DMTN-238: RSP DataLink service implementation strategy

  • Russ Allbery

Latest Revision: 2022-11-16


The Rubin Science Platform provides an IVOA TAP service that returns structured information about Rubin Observatory data products. To allow easy user exploration of that data, particularly via the Portal Aspect, we’ve identified at least three types of information that we may want to associate with the returned records: how to download the image associated with an observation, how to retrieve a cutout of that image, and additional related TAP queries that the user may wish to explore. We expect to have additional similar use cases in the future. This tech note describes how we meet those requirements using the IVOA DataLink protocol and the datalinker web service.

Service descriptors

The second place we use DataLink is to provide easy access to additional queries related to the results of a TAP query. We add those service descriptors to the VOTable returned by the TAP query, pointing to a URL provided by the datalinker service with parameters filled in either by elements from the row of the query or by data entered by the user. That service, in turn, constructs a new TAP query and redirects the user back to the TAP service to perform that query.

For example, one of the additional queries we provide retrieves a light curve for an object. We attach that service descriptor to any results that include the objectId column of the Object table. The access URL of the DataLink entry points to <rsp-base-url>/datalink/timeseries. This URL takes the following parameters:

  1. id is set to the value of objectId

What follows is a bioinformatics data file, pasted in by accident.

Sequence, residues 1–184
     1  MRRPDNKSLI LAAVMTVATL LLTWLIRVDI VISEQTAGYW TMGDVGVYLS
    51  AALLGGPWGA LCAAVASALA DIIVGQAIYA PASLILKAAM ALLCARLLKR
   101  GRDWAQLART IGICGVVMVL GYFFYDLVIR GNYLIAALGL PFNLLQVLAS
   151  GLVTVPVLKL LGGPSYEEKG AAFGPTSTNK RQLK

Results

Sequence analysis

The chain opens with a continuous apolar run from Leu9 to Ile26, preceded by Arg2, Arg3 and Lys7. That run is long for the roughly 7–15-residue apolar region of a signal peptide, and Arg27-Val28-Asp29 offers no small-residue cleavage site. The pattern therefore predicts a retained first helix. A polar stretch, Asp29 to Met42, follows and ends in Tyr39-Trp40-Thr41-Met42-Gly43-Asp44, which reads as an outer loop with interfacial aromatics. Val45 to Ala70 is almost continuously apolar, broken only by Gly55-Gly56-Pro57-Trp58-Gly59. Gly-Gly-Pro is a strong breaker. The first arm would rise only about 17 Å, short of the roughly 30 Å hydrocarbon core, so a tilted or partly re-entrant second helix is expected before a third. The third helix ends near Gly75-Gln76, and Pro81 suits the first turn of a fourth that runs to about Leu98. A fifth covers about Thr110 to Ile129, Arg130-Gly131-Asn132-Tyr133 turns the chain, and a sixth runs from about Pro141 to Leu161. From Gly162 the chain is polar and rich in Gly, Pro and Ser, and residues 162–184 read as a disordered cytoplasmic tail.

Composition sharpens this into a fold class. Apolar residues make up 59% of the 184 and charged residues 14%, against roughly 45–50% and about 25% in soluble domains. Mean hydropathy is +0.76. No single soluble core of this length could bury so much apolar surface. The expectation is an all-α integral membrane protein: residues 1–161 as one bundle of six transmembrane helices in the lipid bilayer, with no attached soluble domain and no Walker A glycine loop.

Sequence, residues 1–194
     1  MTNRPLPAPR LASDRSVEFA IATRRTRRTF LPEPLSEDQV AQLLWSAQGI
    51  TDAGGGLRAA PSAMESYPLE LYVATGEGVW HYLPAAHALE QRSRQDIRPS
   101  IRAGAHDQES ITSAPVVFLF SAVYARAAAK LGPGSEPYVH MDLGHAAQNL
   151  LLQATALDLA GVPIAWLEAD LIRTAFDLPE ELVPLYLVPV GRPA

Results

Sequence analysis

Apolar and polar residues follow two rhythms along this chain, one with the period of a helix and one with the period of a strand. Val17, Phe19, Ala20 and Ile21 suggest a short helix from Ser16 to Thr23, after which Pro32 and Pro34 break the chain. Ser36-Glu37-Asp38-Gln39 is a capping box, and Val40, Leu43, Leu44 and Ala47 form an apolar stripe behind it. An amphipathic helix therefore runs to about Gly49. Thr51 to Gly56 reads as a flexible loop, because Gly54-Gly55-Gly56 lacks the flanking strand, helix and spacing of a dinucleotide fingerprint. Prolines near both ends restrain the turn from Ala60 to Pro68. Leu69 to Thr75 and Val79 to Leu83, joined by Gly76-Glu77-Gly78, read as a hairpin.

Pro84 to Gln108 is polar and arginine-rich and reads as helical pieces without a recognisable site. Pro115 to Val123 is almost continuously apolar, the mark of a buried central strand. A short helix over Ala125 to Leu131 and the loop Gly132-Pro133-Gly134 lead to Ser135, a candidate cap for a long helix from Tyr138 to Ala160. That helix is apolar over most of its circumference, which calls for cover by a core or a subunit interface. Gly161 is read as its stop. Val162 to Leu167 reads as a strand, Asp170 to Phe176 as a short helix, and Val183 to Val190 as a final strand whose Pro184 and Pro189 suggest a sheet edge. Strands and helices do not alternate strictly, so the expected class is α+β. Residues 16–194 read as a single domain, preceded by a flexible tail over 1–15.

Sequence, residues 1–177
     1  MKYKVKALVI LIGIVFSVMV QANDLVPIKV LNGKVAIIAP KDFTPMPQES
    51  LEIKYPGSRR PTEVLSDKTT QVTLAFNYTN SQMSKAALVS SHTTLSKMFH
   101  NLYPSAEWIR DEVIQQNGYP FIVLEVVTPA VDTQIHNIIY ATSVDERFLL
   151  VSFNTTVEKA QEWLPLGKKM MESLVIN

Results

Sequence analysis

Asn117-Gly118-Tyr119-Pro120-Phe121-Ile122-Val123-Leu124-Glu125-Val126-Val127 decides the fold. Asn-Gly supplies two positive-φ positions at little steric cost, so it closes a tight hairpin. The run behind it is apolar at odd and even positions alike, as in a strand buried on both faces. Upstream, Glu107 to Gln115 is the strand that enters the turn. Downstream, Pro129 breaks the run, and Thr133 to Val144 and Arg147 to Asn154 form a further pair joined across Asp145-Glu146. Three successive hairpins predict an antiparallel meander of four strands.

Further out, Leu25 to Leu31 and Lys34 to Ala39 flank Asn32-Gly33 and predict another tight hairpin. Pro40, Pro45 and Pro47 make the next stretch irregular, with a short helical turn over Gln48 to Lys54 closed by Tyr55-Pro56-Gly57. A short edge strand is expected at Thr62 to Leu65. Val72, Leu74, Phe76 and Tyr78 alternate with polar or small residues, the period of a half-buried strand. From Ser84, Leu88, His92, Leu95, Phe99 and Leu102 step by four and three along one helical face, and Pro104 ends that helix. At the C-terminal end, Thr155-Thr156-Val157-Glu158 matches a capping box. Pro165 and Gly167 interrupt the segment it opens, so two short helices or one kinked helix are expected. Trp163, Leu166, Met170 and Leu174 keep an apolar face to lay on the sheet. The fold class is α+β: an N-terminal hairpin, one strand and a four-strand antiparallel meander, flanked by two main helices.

2. table (the table containing time series data) is set to the ForcedSource table

  3. id_column (the foreign key in that table) is set to objectId

  4. join_time_column (the column containing the observation time) is set to the expMidptMJD column in the CcdVisit table

  5. band is up to the user to choose from the values all or any one of ugrizy

  6. detail is up to the user to choose from full, principal, or minimal (discussed further in datalinker links configuration)

This is just an example; the details are specific to this one schema and not horribly important. The general principle is that any result column can be linked to a service, specifying some mix of fixed parameters (based on the result row or on known details of the table to which the DataLink service descriptor is attached) and user-chosen parameters. The Portal Aspect and other IVOA clients can then prompt the user for the required parameters and construct an access URL for that service.

When that URL is visited, the effect will be to execute a new TAP query and return the result as a new VOTable. That VOTable can, in turn, have new service descriptors, allowing the user to follow these service prompts to explore the data further if they choose.

Making this all work involves several moving parts.

TAP configuration

Each of these DataLink service descriptors is defined in an XML file in the sdm_schemas repository. This is a verbatim copy of the service descriptor to return, apart from an <INFO> tag that describes the column to which the service descriptor is attached.

<INFO name="$dp02_dc2_catalogs_Object_objectId$"
      value="this will be dropped..." />

A parameter in the resulting DataLink service descriptor will then look like: